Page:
One of the strangest features of previous studies of naked-ape behaviour is that they have nearly always avoided the obvious. The earlier anthropologists rushed off to all kinds of unlikely corners of the world in order to unravel the basic truth about our nature scattering to remote cultural backwaters so atypical and unsuccessful that they are nearly extinct. They then returned with startling facts about the bizarre mating customs, strange kinship systems, or weird ritual procedures of these tribes, and used this material as though it were of central importance to the behaviour of our species as a whole. The work done by these investigators was, of course, extremely interesting and most valuable in showing us what can happen when a group of naked apes becomes side-tracked into a cultural blind alley. It revealed just how far from the normal our behaviour patterns can stray without a complete social collapse. What it did not tell us was anything about the typical behaviour of typical naked apes. This can only be done by examining the common behaviour patterns that are shared by all the ordinary, successful members of the major cultures-the mainstream specimens who together represent the vast majority. Biologically, this is the only sound approach. Against this, the old-style anthropologist would have argued that his technologically simple tribal groups are nearer the heart of the matter than the members of advanced civilisations. I submit that this is not so. The simple tribal groups that are living today are not primitive, they are stultified. Truly primitive tribes have not existed for thousands of years.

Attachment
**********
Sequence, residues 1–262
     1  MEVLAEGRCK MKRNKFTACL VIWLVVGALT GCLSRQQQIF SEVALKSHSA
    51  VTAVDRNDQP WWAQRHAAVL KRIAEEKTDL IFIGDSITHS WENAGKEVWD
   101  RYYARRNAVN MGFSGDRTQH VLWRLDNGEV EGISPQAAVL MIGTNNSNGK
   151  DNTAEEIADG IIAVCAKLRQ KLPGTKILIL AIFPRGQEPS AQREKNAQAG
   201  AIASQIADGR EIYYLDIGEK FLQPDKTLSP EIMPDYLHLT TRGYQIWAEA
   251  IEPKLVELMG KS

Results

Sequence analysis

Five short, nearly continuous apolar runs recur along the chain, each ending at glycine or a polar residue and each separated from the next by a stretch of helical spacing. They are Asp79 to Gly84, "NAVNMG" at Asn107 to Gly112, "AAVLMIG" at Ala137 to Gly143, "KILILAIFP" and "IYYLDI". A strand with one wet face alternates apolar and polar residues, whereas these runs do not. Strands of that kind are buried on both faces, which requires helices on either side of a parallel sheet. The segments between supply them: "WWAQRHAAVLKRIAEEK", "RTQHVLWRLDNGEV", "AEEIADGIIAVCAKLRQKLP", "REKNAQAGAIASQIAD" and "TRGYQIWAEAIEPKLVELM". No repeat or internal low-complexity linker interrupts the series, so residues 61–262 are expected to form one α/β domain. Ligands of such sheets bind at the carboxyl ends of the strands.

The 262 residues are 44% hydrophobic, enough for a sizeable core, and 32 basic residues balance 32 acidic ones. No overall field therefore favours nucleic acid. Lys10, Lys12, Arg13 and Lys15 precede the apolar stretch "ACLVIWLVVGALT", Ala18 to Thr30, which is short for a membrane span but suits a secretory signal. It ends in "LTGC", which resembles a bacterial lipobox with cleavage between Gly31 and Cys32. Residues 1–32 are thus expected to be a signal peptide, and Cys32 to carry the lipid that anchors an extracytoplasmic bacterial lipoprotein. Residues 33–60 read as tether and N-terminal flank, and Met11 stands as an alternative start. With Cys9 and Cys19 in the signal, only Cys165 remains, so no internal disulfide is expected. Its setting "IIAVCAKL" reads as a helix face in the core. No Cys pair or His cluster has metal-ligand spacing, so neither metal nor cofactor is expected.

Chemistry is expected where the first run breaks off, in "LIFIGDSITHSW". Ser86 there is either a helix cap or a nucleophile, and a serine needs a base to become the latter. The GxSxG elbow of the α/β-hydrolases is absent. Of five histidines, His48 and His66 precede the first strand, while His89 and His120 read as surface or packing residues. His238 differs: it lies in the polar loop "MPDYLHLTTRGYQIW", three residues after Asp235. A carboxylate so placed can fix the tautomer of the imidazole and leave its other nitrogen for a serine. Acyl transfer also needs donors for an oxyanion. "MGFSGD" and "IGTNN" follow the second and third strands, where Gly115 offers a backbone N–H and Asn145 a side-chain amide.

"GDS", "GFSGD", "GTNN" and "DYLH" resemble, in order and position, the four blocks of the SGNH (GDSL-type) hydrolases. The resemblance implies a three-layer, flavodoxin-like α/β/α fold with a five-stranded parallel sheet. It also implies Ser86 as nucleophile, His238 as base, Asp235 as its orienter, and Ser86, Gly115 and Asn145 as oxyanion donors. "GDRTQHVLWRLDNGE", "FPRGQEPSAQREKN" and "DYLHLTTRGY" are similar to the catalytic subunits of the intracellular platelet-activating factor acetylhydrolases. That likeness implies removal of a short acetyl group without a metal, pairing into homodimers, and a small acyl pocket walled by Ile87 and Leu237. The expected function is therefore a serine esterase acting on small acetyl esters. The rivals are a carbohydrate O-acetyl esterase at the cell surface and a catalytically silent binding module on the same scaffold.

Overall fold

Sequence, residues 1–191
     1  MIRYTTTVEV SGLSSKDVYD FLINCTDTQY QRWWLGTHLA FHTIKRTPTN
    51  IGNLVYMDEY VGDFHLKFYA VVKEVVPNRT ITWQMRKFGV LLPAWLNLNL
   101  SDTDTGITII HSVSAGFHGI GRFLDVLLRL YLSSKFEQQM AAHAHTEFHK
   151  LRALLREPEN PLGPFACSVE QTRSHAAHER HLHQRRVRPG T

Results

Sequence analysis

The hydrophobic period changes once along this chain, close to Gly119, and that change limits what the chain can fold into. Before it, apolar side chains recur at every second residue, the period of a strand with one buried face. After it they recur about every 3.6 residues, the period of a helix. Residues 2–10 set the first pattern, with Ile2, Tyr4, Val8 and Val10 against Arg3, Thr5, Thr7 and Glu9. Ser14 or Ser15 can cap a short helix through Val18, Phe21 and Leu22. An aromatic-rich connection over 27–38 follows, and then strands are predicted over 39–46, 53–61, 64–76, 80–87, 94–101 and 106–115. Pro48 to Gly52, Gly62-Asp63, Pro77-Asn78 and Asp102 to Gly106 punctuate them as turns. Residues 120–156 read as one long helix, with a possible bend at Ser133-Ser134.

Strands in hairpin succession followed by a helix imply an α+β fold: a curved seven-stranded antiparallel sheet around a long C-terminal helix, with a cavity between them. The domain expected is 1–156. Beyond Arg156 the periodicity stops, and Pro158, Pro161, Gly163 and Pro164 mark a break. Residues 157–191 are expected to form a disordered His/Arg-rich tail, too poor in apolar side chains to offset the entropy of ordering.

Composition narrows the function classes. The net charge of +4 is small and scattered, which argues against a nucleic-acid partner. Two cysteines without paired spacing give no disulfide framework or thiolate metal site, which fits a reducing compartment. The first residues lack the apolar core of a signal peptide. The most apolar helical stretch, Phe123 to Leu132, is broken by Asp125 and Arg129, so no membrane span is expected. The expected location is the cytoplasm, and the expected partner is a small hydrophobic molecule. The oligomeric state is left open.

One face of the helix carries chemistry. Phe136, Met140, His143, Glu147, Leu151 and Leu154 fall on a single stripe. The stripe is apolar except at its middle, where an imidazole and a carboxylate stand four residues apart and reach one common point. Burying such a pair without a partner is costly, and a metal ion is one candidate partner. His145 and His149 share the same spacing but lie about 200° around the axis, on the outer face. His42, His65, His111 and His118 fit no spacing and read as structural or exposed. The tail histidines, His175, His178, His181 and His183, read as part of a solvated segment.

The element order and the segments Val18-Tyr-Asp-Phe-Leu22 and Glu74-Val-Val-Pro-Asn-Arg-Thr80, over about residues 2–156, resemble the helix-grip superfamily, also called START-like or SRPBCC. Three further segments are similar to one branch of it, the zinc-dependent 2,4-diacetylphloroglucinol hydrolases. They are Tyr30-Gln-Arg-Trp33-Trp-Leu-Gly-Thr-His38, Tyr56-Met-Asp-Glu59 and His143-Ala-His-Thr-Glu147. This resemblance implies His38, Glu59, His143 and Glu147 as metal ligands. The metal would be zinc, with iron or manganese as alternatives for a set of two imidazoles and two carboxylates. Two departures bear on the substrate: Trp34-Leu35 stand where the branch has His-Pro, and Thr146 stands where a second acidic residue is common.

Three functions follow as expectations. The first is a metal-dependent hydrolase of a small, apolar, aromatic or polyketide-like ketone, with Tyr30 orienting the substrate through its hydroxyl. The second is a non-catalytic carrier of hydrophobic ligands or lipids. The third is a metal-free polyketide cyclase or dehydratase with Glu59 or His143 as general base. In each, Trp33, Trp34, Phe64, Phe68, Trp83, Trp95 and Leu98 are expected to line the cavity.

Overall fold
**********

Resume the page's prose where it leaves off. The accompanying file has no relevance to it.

The naked ape is essentially an exploratory species and any society that has failed to advance has in some sense failed, `gone wrong’. Something has happened to it to hold it back, something that is working against the natural tendencies of the species to explore and investigate the world around it. The characteristics that the earlier anthropologists studied in these tribes may well be the very features that have interfered with the progress of the groups concerned. It is therefore dangerous to use this information as the basis for any general scheme of our behaviour as a species.